Russian scientists to unveil 3D bioprinted transplantable organ in March 2015
As many of you will know, the 3D printing revolution is quickly expanding into new technological avenues that many people would not quickly associate with additive manufacturing. Perhaps the biggest challenge among them is 3D bioprinting, or the creation of cell tissue. Tests have shown bioprinting to be potentially capable of producing blood vessels, vascular networks, and other transplantable tissues, while some scientists are even dreaming of 3D printed hamburgers.
When that technology becomes both available and commercially interesting, it could understandably have far-reaching economic and biological consequences for the food industry and the medical sector.
And that might not even be so far away. Numerous teams of scientists are already working on bioprinting solutions, but one of the most promising and certainly the most ambitious amongst them is the Russian company 3D Bioprinting Solutions. Based at the Skolkovo Innovation Center just outside Moscow under the leadership of Professor Vladimir Mironov, they have been working on a Bio 3D printer for some time now.
We already reported on 3D Bioprinting Solutions' promising progress two months ago, when we learned that they were applying for a patent for their still unnamed 3D bioprinter. But now they are adding more fuel to the bioprinting fire themselves, announcing to Russian reporters that they will reveal the world's first 3D printed, actually transplantable organ (a thyroid gland) on 15 March 2015.
This gland will be intended for mice, rather than humans. Professor Mironov, who heads the project, explained that they chose a thyroid gland for its relative simplicity, and the professor hopes that this organ will prove that bioprinted organs are compatible. with living organisms: 'We'll start with mice. We'll shut off the [lab mouse's] thyroid with radioactive iodine, which will cause the level of hormones in the organism to drop. We'll then transplant the printed structure, and if the level of hormones gets back to normal, we will be celebrating with champagne.'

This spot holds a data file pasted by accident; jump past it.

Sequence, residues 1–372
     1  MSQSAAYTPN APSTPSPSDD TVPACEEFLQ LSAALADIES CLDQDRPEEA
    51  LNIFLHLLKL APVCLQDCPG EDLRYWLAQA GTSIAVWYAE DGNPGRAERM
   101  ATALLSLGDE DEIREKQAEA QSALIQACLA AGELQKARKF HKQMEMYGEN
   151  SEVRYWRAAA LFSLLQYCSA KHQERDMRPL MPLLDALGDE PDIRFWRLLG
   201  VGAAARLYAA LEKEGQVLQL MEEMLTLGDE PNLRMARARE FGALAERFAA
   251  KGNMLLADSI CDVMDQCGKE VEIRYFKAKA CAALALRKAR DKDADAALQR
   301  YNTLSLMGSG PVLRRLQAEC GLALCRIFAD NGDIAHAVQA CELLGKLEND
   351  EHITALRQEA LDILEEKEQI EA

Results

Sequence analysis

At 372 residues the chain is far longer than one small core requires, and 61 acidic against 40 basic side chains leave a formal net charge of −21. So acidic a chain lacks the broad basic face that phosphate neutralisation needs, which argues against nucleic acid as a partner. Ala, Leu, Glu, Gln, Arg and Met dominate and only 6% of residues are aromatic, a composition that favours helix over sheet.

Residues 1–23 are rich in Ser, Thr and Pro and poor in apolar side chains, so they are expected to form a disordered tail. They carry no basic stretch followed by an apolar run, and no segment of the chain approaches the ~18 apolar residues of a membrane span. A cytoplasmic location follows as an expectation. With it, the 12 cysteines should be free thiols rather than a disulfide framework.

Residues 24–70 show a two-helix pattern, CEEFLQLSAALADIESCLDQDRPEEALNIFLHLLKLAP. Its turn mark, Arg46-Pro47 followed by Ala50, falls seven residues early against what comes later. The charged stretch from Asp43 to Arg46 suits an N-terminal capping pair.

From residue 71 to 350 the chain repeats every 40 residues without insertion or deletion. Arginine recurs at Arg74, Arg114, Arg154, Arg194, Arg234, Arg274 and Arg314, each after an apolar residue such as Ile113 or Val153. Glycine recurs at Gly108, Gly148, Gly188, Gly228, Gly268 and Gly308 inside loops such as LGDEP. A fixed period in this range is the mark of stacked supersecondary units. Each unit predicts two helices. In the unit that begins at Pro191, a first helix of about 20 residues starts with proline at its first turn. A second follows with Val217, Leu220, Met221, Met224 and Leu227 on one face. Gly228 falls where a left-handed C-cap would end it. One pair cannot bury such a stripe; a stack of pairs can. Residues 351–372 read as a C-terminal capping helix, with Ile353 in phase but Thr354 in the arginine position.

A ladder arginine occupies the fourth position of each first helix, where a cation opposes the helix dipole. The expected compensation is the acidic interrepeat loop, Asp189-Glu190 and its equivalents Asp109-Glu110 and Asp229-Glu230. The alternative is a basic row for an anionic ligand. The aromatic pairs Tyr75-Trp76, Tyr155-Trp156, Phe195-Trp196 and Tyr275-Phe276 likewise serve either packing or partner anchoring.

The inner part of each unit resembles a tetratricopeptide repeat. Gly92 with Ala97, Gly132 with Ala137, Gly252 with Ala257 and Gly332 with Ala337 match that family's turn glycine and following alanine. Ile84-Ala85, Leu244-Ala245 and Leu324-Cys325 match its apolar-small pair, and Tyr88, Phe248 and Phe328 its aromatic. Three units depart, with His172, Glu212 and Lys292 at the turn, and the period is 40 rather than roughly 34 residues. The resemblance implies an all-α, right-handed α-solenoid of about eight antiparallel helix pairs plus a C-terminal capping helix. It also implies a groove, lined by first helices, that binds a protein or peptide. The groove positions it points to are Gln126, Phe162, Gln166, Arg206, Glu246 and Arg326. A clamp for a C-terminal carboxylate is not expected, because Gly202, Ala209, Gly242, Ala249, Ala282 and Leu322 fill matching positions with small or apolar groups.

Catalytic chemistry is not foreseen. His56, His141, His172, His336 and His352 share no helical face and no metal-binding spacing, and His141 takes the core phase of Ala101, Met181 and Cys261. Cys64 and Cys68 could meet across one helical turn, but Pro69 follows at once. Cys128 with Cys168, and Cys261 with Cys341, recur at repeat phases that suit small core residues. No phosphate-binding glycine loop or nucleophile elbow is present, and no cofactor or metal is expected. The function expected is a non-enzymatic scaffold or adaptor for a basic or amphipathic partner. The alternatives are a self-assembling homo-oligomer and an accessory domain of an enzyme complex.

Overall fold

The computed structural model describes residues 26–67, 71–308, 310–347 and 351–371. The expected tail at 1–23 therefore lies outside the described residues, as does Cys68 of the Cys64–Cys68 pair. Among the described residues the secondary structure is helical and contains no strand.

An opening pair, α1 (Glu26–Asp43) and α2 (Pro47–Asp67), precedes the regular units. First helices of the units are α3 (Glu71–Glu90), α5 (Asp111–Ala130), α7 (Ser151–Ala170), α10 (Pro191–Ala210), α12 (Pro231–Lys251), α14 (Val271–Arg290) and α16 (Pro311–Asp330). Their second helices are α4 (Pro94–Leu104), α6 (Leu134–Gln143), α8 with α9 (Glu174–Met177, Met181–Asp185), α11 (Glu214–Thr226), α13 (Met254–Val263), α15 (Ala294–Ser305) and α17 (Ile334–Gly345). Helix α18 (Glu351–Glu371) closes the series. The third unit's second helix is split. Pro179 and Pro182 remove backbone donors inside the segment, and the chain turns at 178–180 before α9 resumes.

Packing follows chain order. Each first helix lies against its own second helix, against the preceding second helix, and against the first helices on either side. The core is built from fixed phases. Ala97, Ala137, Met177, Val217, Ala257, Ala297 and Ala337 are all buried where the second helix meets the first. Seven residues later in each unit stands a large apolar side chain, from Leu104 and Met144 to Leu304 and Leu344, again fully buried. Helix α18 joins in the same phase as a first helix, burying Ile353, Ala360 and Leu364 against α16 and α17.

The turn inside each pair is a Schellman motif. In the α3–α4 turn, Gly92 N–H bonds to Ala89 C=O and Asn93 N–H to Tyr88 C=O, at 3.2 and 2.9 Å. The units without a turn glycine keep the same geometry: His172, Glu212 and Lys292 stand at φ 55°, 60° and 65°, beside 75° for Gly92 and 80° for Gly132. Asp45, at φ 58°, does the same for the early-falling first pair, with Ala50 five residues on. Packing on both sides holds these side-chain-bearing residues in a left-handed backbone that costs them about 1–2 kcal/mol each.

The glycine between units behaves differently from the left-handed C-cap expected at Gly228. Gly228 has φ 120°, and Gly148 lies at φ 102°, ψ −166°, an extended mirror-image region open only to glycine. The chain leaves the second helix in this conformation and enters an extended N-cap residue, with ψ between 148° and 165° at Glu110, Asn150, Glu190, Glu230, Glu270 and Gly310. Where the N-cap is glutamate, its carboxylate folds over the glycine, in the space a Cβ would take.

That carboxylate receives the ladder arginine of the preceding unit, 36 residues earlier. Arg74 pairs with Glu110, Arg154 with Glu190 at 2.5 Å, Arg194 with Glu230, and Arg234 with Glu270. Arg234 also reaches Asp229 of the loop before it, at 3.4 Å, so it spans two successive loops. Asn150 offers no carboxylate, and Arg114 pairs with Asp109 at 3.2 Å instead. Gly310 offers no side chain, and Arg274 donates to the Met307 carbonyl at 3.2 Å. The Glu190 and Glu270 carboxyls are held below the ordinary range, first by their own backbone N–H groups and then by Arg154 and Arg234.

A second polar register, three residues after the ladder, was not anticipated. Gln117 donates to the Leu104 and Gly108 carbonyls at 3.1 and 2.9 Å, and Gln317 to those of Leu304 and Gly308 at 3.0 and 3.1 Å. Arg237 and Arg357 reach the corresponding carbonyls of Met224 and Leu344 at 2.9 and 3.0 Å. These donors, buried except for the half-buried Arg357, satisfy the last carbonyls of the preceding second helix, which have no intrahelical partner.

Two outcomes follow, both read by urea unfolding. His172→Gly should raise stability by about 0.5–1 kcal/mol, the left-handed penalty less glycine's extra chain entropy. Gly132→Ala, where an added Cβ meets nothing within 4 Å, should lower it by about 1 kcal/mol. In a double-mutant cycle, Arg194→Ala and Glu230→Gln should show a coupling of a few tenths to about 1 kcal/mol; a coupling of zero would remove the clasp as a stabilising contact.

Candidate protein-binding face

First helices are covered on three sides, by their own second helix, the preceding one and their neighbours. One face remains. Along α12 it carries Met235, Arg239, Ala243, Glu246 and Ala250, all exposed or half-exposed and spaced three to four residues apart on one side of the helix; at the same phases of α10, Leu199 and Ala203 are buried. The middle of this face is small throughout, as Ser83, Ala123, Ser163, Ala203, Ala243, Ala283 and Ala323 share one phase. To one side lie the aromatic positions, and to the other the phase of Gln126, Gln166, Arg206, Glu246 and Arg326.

As material, the Russian 3D bioprinter will use stem cells, which they are already capable of producing as bio-ink in a standardized laboratory procedure. The cells themselves will be extracted from a mouse's fat tissue. And as they're made from the mouse's own cells, they will not be rejected after transplantation.
To be able to use them for printing, the stem cells are transformed into 'spheroids', or aggregates of layered cells that have been placed in hydrogel. The organ will then be printed into a special type of bio reactor, where the gel will dissolve and allow for the organ to mature.
Stem cells are extracted from fat tissue and can serve as building material for any body tissues. For the three-dimensional bioprinting the cells are transformed into so-called spheroids - an aggregation of cells, which are layered - according to a pre-set digital organ design - onto hydrogel. The gel then dissolves, and the printed organ is placed into a special bio reactor, where it matures.
Of course the real question on everyone's mind is: when will this technology become available for humans? To this, professor Mironov would answer that they are planning to develop 3D printable and fully functional human kidneys in 2018. The focus is on kidneys, as kidney failure kills thousands every year. The professor added that 'the one who will be the first to print and then successfully transplant the kidney to the patient - who will stay alive - will for sure get a Nobel prize.'
And if this wasn't exciting enough, 3D Bioprinting Solutions also announced plans to take 3D bioprinting into space. While currently relying on gravity to be printed in a structure of successive layers, the scientists are also exploring the possibility of creating a special magnetic field that would enable weightless printing. Supposedly, testing for this will take place aboard the International Space Station in the near future. Now it's just a matter of staring at the calendar until March.